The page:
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Issue 83 - The Rocks Remain

Scotland Magazine Issue 83
October 2015


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The Rocks Remain

Roddy Martine applauds the timelessness of the Western Isles

The consolation for the approach of winter in Scotland is that the countryside is often at its most beautiful as the rich autumnal colours of red and gold encircle the landscape. It is also the time of the year when I spend a short vacation on the Island of Lewis which in the context of Scotland Magazine coincides very neatly with the first of James Hannavy's essays on the 17th Century travel writer Martin Martin.

Martin was a native of the Isle of Skye and, if I climb Ben Mhor above Loch Seaforth on a clear day (which I may or may not this year), I can just see the bay of Duntulm across the Sound of Shiant. This is where Martin lived and presumably wrote the book which 70 years later inspired Dr Samuel Johnson and James Boswell to embark upon their equally epic journey through the Western Isles.

Moreover, I can confirm that apart from the motor car, tarmac roads and the ferry and flights to and from Stornoway, nothing much has changed on Lewis. The timeless stones of Callanish still stand defiant against the Atlantic winds; the locals still dig for peat and scour the shoreline for kelp, and the harvest from the sea is so rich that the bulk of it is shipped off to the capital cities of Europe.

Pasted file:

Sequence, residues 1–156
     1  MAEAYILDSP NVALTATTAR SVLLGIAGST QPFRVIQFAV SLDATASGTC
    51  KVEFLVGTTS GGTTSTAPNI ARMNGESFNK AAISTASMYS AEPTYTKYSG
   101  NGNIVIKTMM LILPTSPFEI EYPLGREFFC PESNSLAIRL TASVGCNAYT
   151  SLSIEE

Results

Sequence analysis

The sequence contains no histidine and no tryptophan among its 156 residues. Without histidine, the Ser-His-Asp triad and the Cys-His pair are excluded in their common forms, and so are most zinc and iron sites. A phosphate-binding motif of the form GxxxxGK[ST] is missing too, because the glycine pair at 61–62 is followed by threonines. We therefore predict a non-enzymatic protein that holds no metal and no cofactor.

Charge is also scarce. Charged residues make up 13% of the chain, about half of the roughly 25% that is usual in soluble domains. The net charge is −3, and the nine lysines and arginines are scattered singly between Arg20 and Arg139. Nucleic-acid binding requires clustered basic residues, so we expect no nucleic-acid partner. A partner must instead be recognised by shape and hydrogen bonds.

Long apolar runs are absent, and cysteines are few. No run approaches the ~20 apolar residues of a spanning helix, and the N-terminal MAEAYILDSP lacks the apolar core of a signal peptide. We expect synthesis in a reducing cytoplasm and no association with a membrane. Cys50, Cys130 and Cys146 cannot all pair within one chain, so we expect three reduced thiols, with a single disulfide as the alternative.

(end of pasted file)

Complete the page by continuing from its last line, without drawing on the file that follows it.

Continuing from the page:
Our Regional Focus for this issue is Aberdeenshire on Scotland's north eastern shoulder. Longer ago than I care to admit, I remember meeting Robin Duff, the 32nd Laird of Meldrum House at Oldmeldrum. Until 1983, he was Chair of Scottish Ballet, which was based in Glasgow, but I can still recall his excitement when he talked about transforming his ancestral family home into a luxury hotel.

In this issue, James Irvine Robertson examines the lives of William Paterson, founder of the Bank of England, and John Law, founder of the Bank of France. Were they a couple of scoundrels? Or genuinely altruistic entrepreneurs with bad timing?

Nowadays we are perfectly accustomed to seeing exotic animals from far away countries, but imagine the sensation caused when Sir Charles Murray sent the first hippopotamus to London Zoo in 1850. Nothing like this had been seen in Europe until then.

He is now general manager of The Famous Grouse Experience in Comrie, but Stuart Cassell's previous incarnation was as the lead musician of the ‘bagrock’ band, the Red Hot Chilli Pipers. We first met in New York during Tartan Week and I found him as enthusiastic and engaging as ever. Finally, Gerry Urwin follows the career of General George Monck whose appointment as Oliver Cromwell's Lieutenant in Scotland did not prevent him from restoring the British Monarchy.